Holistic Risk Assessment: Reducing Vulnerabilities and Addressing Threats

By Jason Porter Regional Managing Director, Pinkerton | February 15, 2015

Hotel facilities face a multitude of unique risks not always present in other industries. That unique set of risks creates an ever-changing demand to firm up your business operations and remain vigilant in your security and emergency response plans. With the rise of new threats constantly evolving, one of the most effective ways to protect your guests, employees, hotel operations and your facilities to is conduct a thorough risk assessment. After all, it’s impossible to know the threats and vulnerabilities that affect your safety and security if you don’t reasonably identify them in the first place.

All facilities, from small independent hotel locations to international hotel chains, face a myriad of unique risks, many of which ultimately differ depending on a hotel’s physical location. Not only do hotel operators need to promote their guests’ and their employees’ safety, they may ultimately also be responsible for guests’ financial information, personal belongings and equipment and properly maintained facilities.

The risk profile for the hotel industry tends to be considerably greater than in other industries. However, a thorough and comprehensive risk assessment can help you identify and define your risks, vulnerabilities and potential consequences, outline a plan to prioritize and address these issues, and ultimately help keep your hotel facility and guests comfortable and secure.

Identify and Define Your Risks

In our industry, we define a risk assessment as: a holistic approach to identifying all of the threats, vulnerabilities and consequences that are associated with the potential risks that a hotel may face. A threat can be conceived as anything that has the potential to disrupt your business, interfere with operations, harm your guests, employees or physical property, or subject your facility to liability.

It may be tempting to take a “one size fits all” approach to risk assessments when determining the potential threats that may affect your facility, but this tends to be an incorrect approach. Risks and vulnerabilities are truly unique from location to location. The simple fact is that a hotel in Dallas, Texas and a similar location from the exact same chain in Wichita, Kansas will each face unique threats. Their employee uniforms may look the same, their operating procedures may be identical to a tee, but the threats and risks can be completely different. As such, it’s vital to take an honest look at all of the potential and unique risks facing your facility, and how your individual location can best respond to them should an incident actually occur.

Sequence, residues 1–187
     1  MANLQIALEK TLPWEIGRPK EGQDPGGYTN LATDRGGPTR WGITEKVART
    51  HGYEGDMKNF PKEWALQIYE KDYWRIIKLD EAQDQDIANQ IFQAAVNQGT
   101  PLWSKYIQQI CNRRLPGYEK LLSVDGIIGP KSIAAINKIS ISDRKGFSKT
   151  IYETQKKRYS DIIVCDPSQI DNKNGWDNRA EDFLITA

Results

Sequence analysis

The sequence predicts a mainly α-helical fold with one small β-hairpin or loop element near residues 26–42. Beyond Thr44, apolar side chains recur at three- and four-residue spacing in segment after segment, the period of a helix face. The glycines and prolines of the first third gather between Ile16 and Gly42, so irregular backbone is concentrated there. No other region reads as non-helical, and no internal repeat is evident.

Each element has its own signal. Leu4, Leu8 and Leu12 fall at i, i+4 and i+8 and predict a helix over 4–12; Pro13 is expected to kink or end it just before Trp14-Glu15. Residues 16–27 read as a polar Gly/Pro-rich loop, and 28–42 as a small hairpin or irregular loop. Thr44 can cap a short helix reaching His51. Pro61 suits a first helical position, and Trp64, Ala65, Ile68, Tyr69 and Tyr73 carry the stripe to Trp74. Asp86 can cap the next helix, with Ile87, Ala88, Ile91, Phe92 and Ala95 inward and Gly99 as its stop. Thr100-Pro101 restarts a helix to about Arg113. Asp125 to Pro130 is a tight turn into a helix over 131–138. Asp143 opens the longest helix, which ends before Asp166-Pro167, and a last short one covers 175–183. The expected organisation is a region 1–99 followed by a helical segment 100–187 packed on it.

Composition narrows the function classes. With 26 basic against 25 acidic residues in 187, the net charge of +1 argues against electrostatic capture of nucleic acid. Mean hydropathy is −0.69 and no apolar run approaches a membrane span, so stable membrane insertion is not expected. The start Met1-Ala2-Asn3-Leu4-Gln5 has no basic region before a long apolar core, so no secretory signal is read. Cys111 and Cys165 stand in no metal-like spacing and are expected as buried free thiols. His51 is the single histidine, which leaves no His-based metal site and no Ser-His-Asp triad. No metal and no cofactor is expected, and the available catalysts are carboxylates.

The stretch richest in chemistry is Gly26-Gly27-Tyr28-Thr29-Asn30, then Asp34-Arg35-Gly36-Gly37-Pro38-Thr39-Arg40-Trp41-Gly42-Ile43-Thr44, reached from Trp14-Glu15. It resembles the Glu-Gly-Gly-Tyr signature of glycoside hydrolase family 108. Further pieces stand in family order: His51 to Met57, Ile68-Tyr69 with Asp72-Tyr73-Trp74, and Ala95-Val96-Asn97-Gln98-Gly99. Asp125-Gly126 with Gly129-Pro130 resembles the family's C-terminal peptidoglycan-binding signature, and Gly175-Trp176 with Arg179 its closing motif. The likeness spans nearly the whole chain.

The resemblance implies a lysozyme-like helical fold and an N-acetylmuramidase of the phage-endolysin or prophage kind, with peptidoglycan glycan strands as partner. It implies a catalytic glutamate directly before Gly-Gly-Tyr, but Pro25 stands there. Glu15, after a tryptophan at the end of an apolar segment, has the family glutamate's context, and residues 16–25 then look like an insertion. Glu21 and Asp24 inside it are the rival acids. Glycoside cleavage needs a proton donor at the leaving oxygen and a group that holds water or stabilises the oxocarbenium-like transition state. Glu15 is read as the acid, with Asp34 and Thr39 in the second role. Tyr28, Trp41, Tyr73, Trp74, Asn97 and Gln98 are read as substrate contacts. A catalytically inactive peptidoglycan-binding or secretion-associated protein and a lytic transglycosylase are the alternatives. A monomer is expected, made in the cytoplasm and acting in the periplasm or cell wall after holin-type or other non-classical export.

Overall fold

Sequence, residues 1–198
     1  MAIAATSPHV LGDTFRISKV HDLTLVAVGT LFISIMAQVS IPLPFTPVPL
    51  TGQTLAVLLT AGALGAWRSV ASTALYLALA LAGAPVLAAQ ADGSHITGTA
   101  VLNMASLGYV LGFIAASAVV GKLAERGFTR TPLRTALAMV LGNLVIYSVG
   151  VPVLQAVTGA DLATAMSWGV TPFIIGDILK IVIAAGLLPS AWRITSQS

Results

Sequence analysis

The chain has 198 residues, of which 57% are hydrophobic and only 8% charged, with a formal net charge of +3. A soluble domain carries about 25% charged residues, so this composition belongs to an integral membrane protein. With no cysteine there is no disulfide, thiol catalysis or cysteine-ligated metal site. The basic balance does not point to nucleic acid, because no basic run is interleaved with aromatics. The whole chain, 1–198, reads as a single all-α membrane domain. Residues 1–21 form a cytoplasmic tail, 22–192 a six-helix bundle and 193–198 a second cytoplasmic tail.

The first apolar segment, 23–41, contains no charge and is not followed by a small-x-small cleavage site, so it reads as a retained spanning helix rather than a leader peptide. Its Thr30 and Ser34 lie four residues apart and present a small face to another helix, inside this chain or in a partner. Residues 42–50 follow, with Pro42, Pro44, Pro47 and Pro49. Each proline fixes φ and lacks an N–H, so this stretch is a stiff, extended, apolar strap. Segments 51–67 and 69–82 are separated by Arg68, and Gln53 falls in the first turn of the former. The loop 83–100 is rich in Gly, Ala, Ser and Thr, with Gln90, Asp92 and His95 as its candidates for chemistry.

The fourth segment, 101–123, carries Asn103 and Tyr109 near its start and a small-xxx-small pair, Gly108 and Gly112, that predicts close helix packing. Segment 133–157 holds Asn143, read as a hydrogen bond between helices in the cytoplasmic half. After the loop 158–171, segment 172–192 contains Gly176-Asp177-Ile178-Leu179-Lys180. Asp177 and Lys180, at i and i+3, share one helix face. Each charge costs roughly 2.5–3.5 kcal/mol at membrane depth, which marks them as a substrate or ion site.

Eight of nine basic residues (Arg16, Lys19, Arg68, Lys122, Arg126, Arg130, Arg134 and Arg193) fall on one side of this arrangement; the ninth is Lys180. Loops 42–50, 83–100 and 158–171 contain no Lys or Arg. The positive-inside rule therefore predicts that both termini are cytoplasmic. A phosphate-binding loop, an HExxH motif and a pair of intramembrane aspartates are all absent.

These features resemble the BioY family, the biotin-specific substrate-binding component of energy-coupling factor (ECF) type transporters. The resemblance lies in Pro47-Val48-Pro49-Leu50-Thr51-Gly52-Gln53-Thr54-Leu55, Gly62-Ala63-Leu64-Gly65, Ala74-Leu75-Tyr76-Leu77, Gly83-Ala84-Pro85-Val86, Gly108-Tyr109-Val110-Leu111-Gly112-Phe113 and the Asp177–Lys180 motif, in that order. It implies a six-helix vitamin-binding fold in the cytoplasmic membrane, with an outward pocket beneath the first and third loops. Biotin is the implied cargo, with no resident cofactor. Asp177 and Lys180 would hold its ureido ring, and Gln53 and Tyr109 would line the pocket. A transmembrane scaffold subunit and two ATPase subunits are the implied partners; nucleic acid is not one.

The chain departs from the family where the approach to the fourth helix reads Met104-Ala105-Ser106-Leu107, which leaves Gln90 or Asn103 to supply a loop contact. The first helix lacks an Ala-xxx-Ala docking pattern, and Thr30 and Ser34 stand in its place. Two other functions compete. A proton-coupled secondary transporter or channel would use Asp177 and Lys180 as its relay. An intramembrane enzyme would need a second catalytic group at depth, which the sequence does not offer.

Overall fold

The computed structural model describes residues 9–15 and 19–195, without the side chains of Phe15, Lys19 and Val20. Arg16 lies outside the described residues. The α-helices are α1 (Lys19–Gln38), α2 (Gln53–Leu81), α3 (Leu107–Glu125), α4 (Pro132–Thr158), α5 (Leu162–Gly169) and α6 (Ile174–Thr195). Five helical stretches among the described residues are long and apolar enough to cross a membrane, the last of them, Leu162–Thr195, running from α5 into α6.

Coming up in February 2018...

Social Media: Engagement is Key

There are currently 2.3 billion active users of social media networks and savvy hotel operators have incorporated social media into their marketing mix. There are a few Goliath channels on which one must have a presence (Facebook & Twitter) but there are also several newer upstart channels (Instagram, Snapchat &WeChat, for example) that merit consideration. With its 1.86 billion users, Facebook is a dominant platform where operators can drive brand awareness, facilitate bookings, offer incentives and collect sought-after reviews. Twitter's 284 million users generate 500 million tweets per day, and operators can use its platform for lead generation, building loyalty, and guest interaction. Instagram was originally a small photo-sharing site but it has blown up into a massive photo and video channel. The site can be used to post photos of the hotel property, as well as creating Instagram Stories - personal videos that disappear from the channel after 24 hours. In this regard, Instagram and Snapchat are now in direct competition. WeChat is a Chinese company whose aim is to be the App for Everything - instant messaging, social media, shopping and payment services - all in a single platform. In addition to these channels, blogging continues to be a popular method to establish leadership, enhance reputations, and engage with customers in a direct and personal way. The key to effective use of all social media is to find out where your customers are and then, to the fullest extent possible, engage with them on a personal level. This engagement is what creates a personal connection and sustains brand loyalty. The February Hotel Business Review will explore these issues and examine how some hotels are successfully integrating social media into their operations.